Credit where credit is due Sebastion Vettel is a very good driver, but he is driving a very good car in a very good team. It would be difficult for a top driver not to win in those circumstances. A quick agile car like the Red Bull also builds driver confidence. That said Vettel consistently delivers so I conceed he is a very good driver in an advantageous position. I don’t think it’s sunk in Christian Horner yet why the fans boo Vettel while it blindingly obvious to everyone one else. They have not forgotten the stunt Vettel pulled on Webber disobeying team orders, and as a result is viewed as a poor sportsman, furthermore Horner should have had the strength to insist he give the place back. Beyond that the prowess of Red Bull design is making the sport boring much in the same way it became boring during the Schumacher era where he also had unfair advantages over other drivers.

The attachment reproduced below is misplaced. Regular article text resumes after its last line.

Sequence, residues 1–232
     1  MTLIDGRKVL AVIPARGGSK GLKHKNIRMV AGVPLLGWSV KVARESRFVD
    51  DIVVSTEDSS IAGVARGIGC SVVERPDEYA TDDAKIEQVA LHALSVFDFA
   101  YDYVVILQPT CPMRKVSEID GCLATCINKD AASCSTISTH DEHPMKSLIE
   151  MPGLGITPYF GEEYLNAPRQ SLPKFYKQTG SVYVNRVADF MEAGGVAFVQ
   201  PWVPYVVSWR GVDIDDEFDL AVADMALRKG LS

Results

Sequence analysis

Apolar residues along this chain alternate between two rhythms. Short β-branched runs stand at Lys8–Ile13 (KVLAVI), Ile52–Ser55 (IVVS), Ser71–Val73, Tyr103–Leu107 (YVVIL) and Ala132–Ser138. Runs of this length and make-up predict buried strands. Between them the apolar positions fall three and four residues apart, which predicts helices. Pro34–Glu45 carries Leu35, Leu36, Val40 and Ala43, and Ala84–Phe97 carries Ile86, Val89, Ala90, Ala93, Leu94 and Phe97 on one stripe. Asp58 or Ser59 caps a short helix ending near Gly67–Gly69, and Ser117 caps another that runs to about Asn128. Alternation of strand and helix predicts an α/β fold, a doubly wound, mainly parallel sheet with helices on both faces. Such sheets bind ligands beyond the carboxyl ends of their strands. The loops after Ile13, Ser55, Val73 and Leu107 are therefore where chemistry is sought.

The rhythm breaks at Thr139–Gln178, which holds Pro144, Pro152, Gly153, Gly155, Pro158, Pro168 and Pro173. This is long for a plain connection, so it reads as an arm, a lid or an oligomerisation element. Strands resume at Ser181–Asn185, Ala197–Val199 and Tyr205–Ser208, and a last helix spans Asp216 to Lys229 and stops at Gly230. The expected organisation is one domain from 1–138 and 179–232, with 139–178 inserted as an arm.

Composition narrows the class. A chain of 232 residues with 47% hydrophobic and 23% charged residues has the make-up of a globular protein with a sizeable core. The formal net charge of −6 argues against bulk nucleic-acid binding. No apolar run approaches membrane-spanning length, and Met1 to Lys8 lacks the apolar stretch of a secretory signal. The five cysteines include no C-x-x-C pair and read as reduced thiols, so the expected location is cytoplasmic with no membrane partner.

53. fox says:

    Boring race, it was obvious RB will fly…
    Vettel is 4 times champion and need to switch to different team to confirm his driving skills.
    Alonso is lucky there was no second SC, because Raikkonen on fresh tires would catch him.
    As smbd said here, those guys are on the podium because they are true champions. Many things change, but those guys make best of it all.

  54. rudyBB says:

    Where is Montezemolo NOW?
    Is he still ungry with Fermando because he has not won this GP?
    Luca, Luca!!! where are you NOW?

    1. uncas says:

      + 1
      Alo is always better than his car

  55. Anop says:

    James, why did Ferrari pit Felipe for the 3rd time? He put new Hard tyres during safety car just as Fernando did.

    Felipe could have been on the podium. He was ahead of Kimi after safety car and did not need to pit to undercut DiResta as he had to pit to put on hard tyres. DiResta did 1st and 2nd stint on supersofts.

    1. James Allen says:

      Because he went for the supersoft tyres at the stop under the safety car, not the mediums

      He did this to try to make up places after the restart

      1. Anop says:

        Thanks! James.